For my latest modelling challenge I chose a Japanese stone lantern (Ishidoro). It’s not yet complete but for the first time I’ve decided to post my work in progress rather than leaving it until completion. Once the modelling is complete I plan on using 3D Coat to do the UV unwrapping and Substance Painter for the texturing.
For the pillar (Sao) I used a Torus object as the starting point, with a Symmetry object to save time. Yes I could have used a spline and a Lathe but have found myself using splines less and less as I get more comfortable with polygon modelling.
The base (Kiso) started as a Disk object with one section split off, half deleted then placed in Symmetry which was then placed into an Array object.
Using Symmetry and Array objects allows you to focus on just one section and create complex looking models easily.
The base was duplicated and placed at the top of the pillar. The section above that with the cross detail (Nakadai o chudai) started as a 6 sided Disk object, once again using Symmetry and an Array object to minimise modelling. I wanted this section to be a single piece of geometry, which made sharpening the tight corners on the crosses a challenge.
A 6 sided Cylinder object was the starting point for the main lantern section (Hibukuro). Windows were cut in by selecting polygons and using the Extrude Inner tool then deleting the resulting geometry.
Adding depth was made more challenging because of the raised floor.
The window detail looks complicated but was simplified by using four levels of Symmetry, leaving just one small section to work on.
Once complete, the window was extruded then placed inside a SDS. Splitting the geometry away from the main geometry allowed me to add various control cuts for sharpening and not propagate those cuts into the main mesh.
I actually started out by using a Subdivision Surface and control cuts to create the sharpening but the result ended up messy with way too many polygons (left).
So ended up going for no SDS and used the Bevel tool instead to add the beveling.
At this stage the lantern was starting to take shape so the next step was to model the carved details on the faces of the main lantern section.
The Polygon Pen tool was used to create the leaf topology, under Symmetry of course! Once that was right, the edge was extruded out and scaled to create the rectangular shape. Only at this point were the leaves extruded by first extruding all of the leaves then deselecting the bottom leaf, extruding again, deselecting the large side leaf and doing one final extrusion for the centre leaf.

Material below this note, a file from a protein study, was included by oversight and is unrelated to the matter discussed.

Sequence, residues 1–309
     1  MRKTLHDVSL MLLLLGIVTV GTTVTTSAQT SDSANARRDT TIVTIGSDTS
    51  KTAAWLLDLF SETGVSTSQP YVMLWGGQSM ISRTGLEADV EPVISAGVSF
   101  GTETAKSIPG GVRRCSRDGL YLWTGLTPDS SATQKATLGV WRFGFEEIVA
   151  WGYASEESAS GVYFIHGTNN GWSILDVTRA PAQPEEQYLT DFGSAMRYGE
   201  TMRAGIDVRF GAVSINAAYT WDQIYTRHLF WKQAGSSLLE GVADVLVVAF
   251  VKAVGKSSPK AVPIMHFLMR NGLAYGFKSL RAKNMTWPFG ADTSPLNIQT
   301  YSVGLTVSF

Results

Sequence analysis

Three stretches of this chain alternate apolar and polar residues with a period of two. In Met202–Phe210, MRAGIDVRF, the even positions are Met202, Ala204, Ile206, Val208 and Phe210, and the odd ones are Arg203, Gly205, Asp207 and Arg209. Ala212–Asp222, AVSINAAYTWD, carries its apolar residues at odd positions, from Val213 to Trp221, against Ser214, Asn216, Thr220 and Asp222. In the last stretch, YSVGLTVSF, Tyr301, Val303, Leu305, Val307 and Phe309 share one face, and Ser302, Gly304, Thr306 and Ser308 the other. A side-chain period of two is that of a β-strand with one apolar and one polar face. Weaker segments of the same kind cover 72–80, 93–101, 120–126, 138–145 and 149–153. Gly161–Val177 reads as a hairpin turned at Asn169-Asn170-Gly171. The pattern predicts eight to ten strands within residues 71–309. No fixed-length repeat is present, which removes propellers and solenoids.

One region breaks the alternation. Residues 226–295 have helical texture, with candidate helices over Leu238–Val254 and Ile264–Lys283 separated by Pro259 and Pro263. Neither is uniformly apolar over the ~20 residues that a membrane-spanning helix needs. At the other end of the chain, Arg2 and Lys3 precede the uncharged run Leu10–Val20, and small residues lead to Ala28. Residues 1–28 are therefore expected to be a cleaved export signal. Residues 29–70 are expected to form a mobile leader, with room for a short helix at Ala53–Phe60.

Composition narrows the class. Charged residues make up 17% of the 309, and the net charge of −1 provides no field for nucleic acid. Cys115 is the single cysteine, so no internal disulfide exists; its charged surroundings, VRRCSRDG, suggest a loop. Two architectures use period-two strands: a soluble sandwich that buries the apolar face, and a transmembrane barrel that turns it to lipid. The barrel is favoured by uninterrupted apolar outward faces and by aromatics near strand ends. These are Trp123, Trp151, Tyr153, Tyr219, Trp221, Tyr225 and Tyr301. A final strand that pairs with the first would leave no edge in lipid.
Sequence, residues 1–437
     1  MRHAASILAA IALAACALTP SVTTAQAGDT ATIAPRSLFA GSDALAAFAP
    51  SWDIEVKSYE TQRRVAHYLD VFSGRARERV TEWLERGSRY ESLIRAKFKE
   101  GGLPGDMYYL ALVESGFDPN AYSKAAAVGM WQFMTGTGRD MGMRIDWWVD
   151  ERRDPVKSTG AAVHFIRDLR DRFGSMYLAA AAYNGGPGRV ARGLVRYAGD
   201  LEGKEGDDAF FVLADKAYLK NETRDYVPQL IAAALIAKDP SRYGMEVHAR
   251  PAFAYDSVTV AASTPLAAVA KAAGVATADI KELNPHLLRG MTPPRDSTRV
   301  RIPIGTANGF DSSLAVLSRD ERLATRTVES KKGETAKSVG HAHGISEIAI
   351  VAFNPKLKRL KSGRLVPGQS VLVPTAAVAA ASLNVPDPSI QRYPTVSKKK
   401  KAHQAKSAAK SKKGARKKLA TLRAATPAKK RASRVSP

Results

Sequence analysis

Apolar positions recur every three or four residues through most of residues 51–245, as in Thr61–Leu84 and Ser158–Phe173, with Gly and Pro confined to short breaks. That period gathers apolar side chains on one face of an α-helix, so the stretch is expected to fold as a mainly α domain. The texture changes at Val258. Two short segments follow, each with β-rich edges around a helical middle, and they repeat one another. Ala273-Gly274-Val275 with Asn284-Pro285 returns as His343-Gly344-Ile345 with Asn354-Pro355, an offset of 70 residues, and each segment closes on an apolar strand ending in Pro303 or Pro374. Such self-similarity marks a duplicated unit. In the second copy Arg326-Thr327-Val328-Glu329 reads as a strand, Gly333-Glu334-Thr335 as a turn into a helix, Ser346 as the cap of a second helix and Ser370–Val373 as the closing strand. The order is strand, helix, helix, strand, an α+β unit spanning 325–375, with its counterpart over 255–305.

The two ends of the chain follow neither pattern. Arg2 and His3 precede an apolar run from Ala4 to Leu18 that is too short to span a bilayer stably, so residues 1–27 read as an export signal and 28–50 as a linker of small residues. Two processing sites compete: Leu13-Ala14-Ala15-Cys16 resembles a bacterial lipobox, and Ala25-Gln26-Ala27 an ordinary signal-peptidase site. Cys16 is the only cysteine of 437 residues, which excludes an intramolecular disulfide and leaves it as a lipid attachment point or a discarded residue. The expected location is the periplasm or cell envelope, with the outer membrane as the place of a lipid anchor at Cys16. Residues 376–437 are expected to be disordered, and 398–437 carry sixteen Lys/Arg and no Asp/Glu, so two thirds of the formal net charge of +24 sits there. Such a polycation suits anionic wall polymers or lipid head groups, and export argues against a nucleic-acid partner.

This section was modelled flat using the Polygon Pen tool then smoothed and given depth using the Brush tool.
At this stage I was ready to move onto the roof (Kasa).
A Disk object was the starting point for the roof, which was placed inside a SDS then adjusted to create the flared dome shape.
One section was split off and placed inside an Array object, with control cuts added for the main extrusions.
This section was extruded in sections; first the central strip followed by the 2 side strips and finally the large rounded extrusion on the rim. The next step will be to create the control cuts to sharpen those extrusion.
Here I’ve used a Taper deformer and made that a child of the Roof geometry. Deformers are an important part of the modelling process as they allow you to modify geometry quickly and easily in ways that would more difficult if you were to adjust the geometry directly. They’re also non-destructive which makes them more flexible.
The next step was considering how to add the spiral detail without propagating cuts into the rest of the geometry and messing with the gentle curves created by the SDS. I decided to use an Inner Extrude and split the 4 polygons off so as to isolate the spiral detail but as you can see I ended up painting myself into a corner with a loop I couldn’t terminate.
Sometimes getting it right means going back a few steps and trying a different approach. Toby Pitman reminded me that I should simplify the geometry, select and weight the edges (hold down the period key and drag the cursor), then use a SDS but only at a setting of 1. Collapsing that down creates a clean, mesh with enough geometry to allow for easier and cleaner edge sharpening. Once again I fell into the trap of not starting with enough geometry when working with curved surfaces! Toby explains all of this in Making It Look Great 11.
The main roof section turned out pretty well, with all quads and looks smooth under subdivision. At this stage I was happy enough to move on to the main spire at the top of the roof. I’m considering adding the spiral insets using a normal map.
For the detail on the spire I used a Spherify deformer applied to a disk section (under Symmetry and Array) to create the base shape. This gives me a far cleaner result than if I was to adjust edges and points directly at this stage.
I adjusted the topology by pushing points around to create the rounded tops.
Still working flat, I added more loops to further refine the main shapes plus additional polygons on the side to create the triangular connection between the petals.
At this stage I extruded the main shapes, using Soft Selection and the Brush tool to smooth the topology.
And here’s the finished model. The top spire was fashioned out of a Cylinder object under subdivision. I pulled the point out use the Soft Selection setting. I may add some kanji characters to the back face but basically this is now ready for me to unwrap.